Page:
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Business Grants: Do You Qualify for One?

by Susan Edevane

2 min read

 

At some point, your startup needs to accelerate its growth. No matter how great your business, there’s always the chance that a competitor will get ahead if you take too long to progress. So you need to make sure you’re driving your business forward, even if you don’t currently have the available capital to do so.

Startups have several options when it comes to growing their business. These may include:

– Bootstrapping: Using your own resources, rather than external finance

– Bank loans: Applying for a small business loan from commercial banks

– Angel investors or crowdfunding: Using sites such as Kickstarter

– Government grants: Money conditionally provided, which you don’t have to repay

Government grants can be a popular choice because you avoid taking on debt or giving up equity in your business. Many grants also have associated free advisory and assessment programs for startups to help with strategy and scaling.

Depending on your location, there are hundreds of government grants available to support new business. They can be from the federal or state government, or even from local councils. There are also some grants available from philanthropic organisations and trusts.

The Grants Available

So what’s available for your business? A good way to start is by visiting the government Grant Finder website, which lets you search for grants by industry type, business size/age and location. Some key grants available for startups Australia-wide include:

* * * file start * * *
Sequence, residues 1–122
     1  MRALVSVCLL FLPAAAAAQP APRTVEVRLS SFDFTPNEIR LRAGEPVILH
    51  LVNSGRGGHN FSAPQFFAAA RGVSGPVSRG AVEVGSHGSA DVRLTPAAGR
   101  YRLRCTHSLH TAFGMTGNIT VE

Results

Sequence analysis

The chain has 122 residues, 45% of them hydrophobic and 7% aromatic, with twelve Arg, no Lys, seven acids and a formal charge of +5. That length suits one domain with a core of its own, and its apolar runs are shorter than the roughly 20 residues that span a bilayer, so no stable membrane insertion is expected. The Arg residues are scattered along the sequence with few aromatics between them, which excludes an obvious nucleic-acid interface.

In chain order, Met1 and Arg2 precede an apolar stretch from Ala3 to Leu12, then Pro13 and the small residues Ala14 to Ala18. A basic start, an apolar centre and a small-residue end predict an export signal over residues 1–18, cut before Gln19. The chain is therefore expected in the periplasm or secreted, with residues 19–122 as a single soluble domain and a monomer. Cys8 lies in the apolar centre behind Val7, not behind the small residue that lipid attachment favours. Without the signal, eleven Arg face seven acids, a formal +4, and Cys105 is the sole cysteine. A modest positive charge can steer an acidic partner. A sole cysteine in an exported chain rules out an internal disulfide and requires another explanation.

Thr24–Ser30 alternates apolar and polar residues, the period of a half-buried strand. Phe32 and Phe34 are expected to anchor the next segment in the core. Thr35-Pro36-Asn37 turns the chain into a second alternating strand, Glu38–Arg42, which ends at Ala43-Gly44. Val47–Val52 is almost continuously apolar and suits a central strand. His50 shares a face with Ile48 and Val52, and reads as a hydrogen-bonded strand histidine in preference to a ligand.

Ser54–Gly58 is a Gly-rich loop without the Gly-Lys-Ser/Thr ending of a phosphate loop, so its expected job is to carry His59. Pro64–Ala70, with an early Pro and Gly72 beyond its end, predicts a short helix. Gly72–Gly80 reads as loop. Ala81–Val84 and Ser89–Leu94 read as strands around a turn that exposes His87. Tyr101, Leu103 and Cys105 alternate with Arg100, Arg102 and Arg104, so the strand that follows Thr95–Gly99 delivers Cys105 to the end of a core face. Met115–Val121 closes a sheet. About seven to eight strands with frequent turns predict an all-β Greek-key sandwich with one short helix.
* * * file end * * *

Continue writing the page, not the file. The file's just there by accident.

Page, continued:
– Accelerating Commercialisation: These grants (of up to $1 million) help entrepreneurs, inventors, startups and SMBs commercialise “novel intellectual property”, which may be new products, processes and services

– Export Market Development Grants (EMDG): This scheme offers financial assistance to existing and aspiring exporters, via a rebate for the cost of marketing and promotional activities

– Wage-subsidy schemes: These help employers who are considering employing staff with a disability or other barriers to employment, including mature-age workers who have been out of work

Applying for a Grant 

Applying for a grant is time-consuming, so make sure you focus on the right grants for your business. It may even be possible to shape your business strategy to align with a particular grant. For example, you could open an office in a specific location to qualify for a regional investment grant.

Meeting the deadline is critical. Figure out how much time you need to write your application (this may take several weeks if only one person is working on it) and avoid grants with closing dates that are too close.

Do your research. Seek advice from your industry association as well as other business contacts, including companies that have already applied for and won similar grants. Many government websites include case studies of successful recipients.

Professional help from a grant consultant is also an option. These are specialists who can do everything from identifying suitable grants to writing the applications for you. Their services will of course come at a cost, and there’s no guarantee of success.

If you don’t qualify for a grant, you may instead qualify for a tax offset or a government loan. These have to be repaid, but usually at a low-interest rate, or even on interest-free terms.

Above all, make sure you have a solid business plan. You will need to provide a detailed strategy and projections for most grant applications, so make sure your accounts are in order and you are ready to grow.

Information may be abridged and therefore incomplete. This document/information does not constitute, and should not be considered a substitute for, legal or financial advice. Each financial situation is different, the advice provided is intended to be general. Please contact your financial or legal advisors for information specific to your situation.

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